The two-kingdoms doctrine by no means surrenders the political realm to secular independence, apart from God’s activity. What it declines to do is render God’s providential governance of the world in terms of the gospel. The purpose of the church is to proclaim the forgiveness of sins given and distributed to sinners in word and sacrament. The preaching of the law is necessary in the church, but it is not the essence of the church’s preaching office. Only the gospel has pride of place in the church’s proclamation. As C.F.W. Walther memorably has stated, the gospel must predominate.
On the other hand, it is the purpose of the government to enforce obedience to God’s law in creation, restrain wickedness, and promote an ordered civil realm. Such a task is distinct from the gospel’s work of justifying sinners and freeing them from captivity to the powers that enslave the world. This is not a retreat from engagement with politics, but a distinctly theological judgment about how God is active in providing for the world, restraining sin, and ordering human society.
Indeed, the gospel frees the Christian for life in the world, including political involvement. Likewise, God’s work in the law and the creation may indeed drive people to take refuge in the comfort of the gospel. Yet this dynamic does not mean a confusion of law and gospel, but the recognition that they are both words of God. God is the one who uses his word to accomplish his purposes. Trouble arises when we begin to suspect that we can use God’s word to accomplish our own purposes, especially political and moral ones.
Christians are free to engage in political matters, even as Christians, but the church as an institution has a responsibility not to lobby for specific political ends, however worthy and just they might be.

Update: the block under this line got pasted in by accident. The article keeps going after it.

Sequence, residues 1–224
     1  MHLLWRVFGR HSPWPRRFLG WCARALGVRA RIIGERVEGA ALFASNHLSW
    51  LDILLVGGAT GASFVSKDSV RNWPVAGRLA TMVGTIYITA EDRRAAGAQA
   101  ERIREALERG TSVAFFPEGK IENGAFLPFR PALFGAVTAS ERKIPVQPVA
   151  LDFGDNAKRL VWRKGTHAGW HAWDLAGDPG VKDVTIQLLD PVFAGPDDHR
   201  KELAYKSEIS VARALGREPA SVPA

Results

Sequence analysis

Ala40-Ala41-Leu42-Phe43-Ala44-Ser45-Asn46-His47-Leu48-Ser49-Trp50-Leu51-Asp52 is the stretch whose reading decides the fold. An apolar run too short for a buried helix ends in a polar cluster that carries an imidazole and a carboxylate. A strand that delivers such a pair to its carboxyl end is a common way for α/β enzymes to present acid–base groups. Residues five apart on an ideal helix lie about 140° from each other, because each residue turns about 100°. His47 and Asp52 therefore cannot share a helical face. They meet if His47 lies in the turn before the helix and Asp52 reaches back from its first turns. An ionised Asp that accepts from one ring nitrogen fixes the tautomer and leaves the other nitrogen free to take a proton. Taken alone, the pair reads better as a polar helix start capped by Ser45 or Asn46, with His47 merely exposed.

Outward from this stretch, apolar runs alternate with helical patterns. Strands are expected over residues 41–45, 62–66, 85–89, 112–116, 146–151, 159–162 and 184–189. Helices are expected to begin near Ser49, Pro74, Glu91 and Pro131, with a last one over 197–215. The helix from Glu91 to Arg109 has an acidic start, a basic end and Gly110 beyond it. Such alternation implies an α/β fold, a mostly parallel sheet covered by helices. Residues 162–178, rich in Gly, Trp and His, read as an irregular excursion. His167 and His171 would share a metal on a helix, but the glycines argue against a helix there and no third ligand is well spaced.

Turning to a contemporary application of such a construal of the civil and the churchly realms, the two-kingdoms doctrine calls into question some typical ways of framing Christian involvement in politics. If the church’s function in the world is defined by its preaching of the good news to the lawless and the sinful, then its public witness is surprisingly constrained. The maintenance of public morality is not the church’s responsibility since God has established the institutions of family and government for this purpose. Christians are free to engage in political matters, even as Christians, but the church as an institution has a responsibility not to lobby for specific political ends, however worthy and just they might be. An overactive, politically engaged church inevitably ends up confusing law and gospel––which really means that neither is heard.
Surely such a perspective will be condemned for its rather modest approach to the church’s public vocation. Such a constrained view of the two-kingdoms will undoubtedly be faulted for withdrawing the church’s voice from the urgent conversations that animate a morally chaotic society like our own. But it is also clear that Christians themselves have shirked the responsibility for their own engagement with the political realm, and offloaded such responsibility onto the institution of the church.
Indeed, I would go so far as to say that making the church the primary agent of moral regulation in public life is, itself, unhelpfully limited and constrained because it devalues the earthly authorities and institutions that God has established to promote the good of the creation. A retrieval of the two-kingdoms perspective from the Reformation tradition is now necessary, not to evacuate God’s work in the world from the public realm, but to clarify exactly how it is that God is at work providing for and sustaining the world that he has made for himself and for us.